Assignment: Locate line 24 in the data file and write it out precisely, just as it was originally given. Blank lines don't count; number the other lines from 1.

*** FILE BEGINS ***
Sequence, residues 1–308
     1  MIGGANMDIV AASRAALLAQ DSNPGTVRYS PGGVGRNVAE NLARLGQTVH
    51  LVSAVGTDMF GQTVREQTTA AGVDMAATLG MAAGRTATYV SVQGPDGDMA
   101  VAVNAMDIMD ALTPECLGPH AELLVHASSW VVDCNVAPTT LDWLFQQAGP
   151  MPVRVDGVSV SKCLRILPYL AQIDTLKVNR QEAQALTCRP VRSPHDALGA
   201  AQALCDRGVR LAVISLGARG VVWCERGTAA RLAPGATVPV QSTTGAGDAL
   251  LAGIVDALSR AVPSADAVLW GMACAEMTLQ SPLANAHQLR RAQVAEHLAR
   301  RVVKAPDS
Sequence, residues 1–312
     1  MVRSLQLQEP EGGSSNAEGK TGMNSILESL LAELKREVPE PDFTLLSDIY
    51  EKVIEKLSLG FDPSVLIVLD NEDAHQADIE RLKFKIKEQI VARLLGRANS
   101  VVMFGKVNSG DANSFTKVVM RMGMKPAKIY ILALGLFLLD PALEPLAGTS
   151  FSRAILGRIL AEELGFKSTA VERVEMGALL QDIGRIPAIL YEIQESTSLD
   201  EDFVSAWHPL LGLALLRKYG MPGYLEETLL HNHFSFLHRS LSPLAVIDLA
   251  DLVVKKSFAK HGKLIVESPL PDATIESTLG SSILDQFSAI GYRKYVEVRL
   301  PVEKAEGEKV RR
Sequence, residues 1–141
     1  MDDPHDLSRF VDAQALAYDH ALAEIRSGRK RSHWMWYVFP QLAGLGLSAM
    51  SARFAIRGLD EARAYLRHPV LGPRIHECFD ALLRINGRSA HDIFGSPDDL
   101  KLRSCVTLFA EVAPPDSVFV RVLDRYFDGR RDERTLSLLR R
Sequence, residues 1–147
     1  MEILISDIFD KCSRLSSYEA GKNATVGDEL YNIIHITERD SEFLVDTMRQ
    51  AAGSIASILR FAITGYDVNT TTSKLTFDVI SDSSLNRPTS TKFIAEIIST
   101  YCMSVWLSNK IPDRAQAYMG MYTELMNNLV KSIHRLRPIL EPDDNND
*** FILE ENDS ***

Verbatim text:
   101  YCMSVWLSNK IPDRAQAYMG MYTELMNNLV KSIHRLRPIL EPDDNND